Several other cattle carcasses have been photographed and reported as suspected wolf kills in Wallowa County, but were too well-eaten to show the distinctive bite marks of wolves and gain confirmation by ODFW biologists. Ranchers are also reporting changes in behavior by cattle consistent with harassment by wolves. One serious consequence of wolf harassment reported by ranchers in Idaho, Wyoming and Montana is that stock dogs can no longer work cattle because fear of dogs causes cattle to bunch up protectively instead of herd, Childers said. Childers said the OCA is asking ranchers to document any and all interactions with wolves, behavior of cattle, and preventative actions taken. “We need to get this Wolf Plan and the state Endangered Species Laws changed,” said Childers.

There are two known wolf packs wolves in Oregon, both in Wallowa County. ODFW confirms a pack of 10 in the Imnaha area and another pack estimated to be of four in the Wenaha area. Other single wolves are believed to be dispersed throughout the state. Approximately 30 head of livestock have been confirmed killed by the wolves in the last 12 months; 29 in five attacks in Baker County and one in Wallowa County.

7 May 2010, 4:37pm
by YPmule

First kill of 2010? Wolves killed sheep in Oregon last year. The owner had to prove they were wolves (set up a camera) and the Feds came and put collars on the wolves and let them go. The owner tried all the “non-lethal” methods to protect his critters and the wolves killed more anyway. I think they finally removed the two wolves.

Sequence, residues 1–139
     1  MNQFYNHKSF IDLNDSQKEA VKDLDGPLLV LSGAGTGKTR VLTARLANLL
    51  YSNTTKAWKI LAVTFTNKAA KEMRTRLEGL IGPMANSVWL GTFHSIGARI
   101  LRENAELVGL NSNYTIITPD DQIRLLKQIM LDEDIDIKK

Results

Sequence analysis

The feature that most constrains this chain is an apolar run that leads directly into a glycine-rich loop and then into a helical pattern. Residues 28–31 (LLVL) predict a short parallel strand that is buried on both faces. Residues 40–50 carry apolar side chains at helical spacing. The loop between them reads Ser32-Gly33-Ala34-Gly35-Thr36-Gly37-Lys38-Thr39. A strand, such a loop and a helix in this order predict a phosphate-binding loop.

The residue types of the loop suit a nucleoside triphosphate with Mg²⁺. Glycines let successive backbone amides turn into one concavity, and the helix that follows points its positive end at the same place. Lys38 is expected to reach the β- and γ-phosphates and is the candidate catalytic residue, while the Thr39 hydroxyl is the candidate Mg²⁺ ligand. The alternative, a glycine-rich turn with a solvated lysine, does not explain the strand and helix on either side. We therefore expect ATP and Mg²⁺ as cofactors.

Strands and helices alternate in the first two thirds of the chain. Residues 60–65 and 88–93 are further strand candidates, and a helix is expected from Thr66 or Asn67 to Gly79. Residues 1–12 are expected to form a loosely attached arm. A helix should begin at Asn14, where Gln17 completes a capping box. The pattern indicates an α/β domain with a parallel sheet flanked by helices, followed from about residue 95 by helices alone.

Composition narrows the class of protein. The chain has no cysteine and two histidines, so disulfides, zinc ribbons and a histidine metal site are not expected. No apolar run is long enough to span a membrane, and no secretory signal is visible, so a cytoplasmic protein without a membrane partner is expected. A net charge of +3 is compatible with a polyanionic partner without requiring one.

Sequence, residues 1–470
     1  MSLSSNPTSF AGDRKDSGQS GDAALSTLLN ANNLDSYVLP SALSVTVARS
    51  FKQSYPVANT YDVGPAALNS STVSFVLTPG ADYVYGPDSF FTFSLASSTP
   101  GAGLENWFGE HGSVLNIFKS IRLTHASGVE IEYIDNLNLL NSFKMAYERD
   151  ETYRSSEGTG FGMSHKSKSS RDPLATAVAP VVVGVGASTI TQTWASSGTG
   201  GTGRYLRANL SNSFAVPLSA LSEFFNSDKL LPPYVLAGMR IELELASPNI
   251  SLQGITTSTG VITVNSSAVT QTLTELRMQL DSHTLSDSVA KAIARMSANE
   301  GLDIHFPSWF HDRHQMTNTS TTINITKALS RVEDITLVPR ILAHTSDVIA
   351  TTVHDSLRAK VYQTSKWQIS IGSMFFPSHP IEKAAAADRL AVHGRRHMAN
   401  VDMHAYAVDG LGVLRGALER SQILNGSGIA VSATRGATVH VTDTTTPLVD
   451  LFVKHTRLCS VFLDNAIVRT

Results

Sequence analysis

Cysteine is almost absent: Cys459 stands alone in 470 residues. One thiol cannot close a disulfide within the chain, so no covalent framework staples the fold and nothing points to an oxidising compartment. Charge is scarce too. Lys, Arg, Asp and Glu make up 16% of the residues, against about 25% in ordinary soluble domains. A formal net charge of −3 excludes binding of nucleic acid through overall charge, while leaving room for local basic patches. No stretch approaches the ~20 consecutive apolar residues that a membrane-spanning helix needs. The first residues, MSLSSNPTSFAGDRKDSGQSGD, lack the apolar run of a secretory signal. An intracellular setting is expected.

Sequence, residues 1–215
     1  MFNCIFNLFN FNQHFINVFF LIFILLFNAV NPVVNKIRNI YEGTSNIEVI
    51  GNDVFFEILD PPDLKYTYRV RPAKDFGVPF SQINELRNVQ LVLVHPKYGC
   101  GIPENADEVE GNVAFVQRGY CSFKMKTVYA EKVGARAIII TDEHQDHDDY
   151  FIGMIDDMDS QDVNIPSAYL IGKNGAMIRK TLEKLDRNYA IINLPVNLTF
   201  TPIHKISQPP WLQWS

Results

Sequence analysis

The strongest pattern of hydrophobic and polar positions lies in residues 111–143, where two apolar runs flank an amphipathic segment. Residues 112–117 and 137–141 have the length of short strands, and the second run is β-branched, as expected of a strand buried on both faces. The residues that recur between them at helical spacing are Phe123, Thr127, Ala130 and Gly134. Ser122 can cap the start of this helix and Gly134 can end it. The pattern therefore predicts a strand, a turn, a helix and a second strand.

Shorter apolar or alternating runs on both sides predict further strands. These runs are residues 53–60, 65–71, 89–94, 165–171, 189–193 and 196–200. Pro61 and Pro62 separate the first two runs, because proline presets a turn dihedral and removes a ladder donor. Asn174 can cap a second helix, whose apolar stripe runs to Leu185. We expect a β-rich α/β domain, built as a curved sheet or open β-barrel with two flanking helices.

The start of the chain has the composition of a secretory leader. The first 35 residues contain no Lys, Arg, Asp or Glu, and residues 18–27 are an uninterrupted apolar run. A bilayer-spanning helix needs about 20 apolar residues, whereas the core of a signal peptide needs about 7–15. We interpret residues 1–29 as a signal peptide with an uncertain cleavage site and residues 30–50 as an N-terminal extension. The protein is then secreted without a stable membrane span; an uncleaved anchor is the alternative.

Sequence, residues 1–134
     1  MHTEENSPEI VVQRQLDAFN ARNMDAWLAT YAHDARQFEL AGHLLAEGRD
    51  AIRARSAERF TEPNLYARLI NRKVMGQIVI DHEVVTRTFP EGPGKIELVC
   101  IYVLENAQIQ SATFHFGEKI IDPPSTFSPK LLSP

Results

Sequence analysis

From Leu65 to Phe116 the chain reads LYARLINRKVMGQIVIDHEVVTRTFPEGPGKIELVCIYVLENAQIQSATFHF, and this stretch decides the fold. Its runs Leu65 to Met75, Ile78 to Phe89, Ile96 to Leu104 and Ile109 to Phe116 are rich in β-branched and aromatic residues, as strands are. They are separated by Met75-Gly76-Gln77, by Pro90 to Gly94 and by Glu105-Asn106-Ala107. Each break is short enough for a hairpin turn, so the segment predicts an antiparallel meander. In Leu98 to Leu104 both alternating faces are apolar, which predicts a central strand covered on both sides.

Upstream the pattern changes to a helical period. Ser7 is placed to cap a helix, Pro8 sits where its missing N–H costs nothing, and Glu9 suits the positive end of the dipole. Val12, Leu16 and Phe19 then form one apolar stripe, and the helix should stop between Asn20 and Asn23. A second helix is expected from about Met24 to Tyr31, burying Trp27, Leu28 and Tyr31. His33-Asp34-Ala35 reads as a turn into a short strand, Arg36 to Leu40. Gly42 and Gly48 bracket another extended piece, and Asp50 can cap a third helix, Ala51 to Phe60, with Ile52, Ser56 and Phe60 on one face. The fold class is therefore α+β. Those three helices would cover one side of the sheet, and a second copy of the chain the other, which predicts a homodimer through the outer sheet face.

7 May 2010, 7:32pm
by Mike

Thank you. Fixed. Actually, we reported that [here].

On 8/31/09, Oregon Department of Fish and Wildlife authorized removal of two wolves in Baker County after five separate livestock depredation that killed a total of 27 sheep [all lambs], 1 goat, and 1 calf on 2 private ranches since April 10. One wolf was radio-collared in response to earlier depredations. Monitoring indicated that the only wolves involved were just 2 yearling non-breeders that were not associated with a pack. ODFW also issued a permit to one rancher to shoot the 2 wolves if he caught them in the act of attacking more of his livestock. The wolves were previously harassed “multiple times” from the air but these and other non-lethal methods [rancher got extra fencing, buried the carcasses, and a guard dog] of protecting the livestock were unsuccessful. …

8 May 2010, 12:55pm
by YPmule

Hey Mike - I was pretty sure you had reported on this before - hope you didn’t think I was being picky.

The Oregon rancher did everything by the book and still lost animals to wolves. And so did his neighbors. I think his efforts should be commended and pointed out to the folks that still think “non lethal preventive measure” will keep the wolves at bay once they start killing domestic animals. Also this happened on private property, not public lands.

An interesting story yesterday, Oregon ranchers have been losing calves prior to the documented kill reported above.

“Oregon Ranchers On Edge After Wolf Kills Calf”

Reply: Thanks for the tips, YP. The best news report so far, from the Wallowa County Chieftain, has now been appended to the post above.

27 May 2010, 6:14am
by Puller

Gee, we must have wolves in D.C. That calf looks like all the roadkill deer who have been dressed by carnivores in our locale. Certainly, when my dairy goats were killed by a neighbor’s dogs, they had bite marks on their necks, ears and ass and were eaten out from the back. This calf looks like someone helped himself to backstrap and roasts.